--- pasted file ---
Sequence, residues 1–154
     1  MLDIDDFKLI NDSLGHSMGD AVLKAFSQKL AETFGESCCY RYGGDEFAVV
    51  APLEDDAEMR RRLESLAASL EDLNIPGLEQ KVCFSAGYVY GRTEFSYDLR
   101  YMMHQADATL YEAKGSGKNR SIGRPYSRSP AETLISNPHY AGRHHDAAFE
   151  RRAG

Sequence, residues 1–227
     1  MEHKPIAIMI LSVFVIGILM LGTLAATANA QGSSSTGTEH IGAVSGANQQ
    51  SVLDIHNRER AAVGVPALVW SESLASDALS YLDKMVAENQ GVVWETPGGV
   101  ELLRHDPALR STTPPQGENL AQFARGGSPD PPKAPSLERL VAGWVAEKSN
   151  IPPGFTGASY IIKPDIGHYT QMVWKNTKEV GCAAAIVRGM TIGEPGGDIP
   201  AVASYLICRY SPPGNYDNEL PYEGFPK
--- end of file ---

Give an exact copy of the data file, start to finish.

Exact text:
Sequence, residues 1–154
     1  MLDIDDFKLI NDSLGHSMGD AVLKAFSQKL AETFGESCCY RYGGDEFAVV
    51  APLEDDAEMR RRLESLAASL EDLNIPGLEQ KVCFSAGYVY GRTEFSYDLR
   101  YMMHQADATL YEAKGSGKNR SIGRPYSRSP AETLISNPHY AGRHHDAAFE
   151  RRAG

Sequence, residues 1–227
     1  MEHKPIAIMI LSVFVIGILM LGTLAATANA QGSSSTGTEH IGAVSGANQQ
    51  SVLDIHNRER AAVGVPALVW SESLASDALS YLDKMVAENQ GVVWETPGGV
   101  ELLRHDPALR STTPPQGENL AQFARGGSPD PPKAPSLERL VAGWVAEKSN
   151  IPPGFTGASY IIKPDIGHYT QMVWKNTKEV GCAAAIVRGM TIGEPGGDIP
   201  AVASYLICRY SPPGNYDNEL PYEGFPK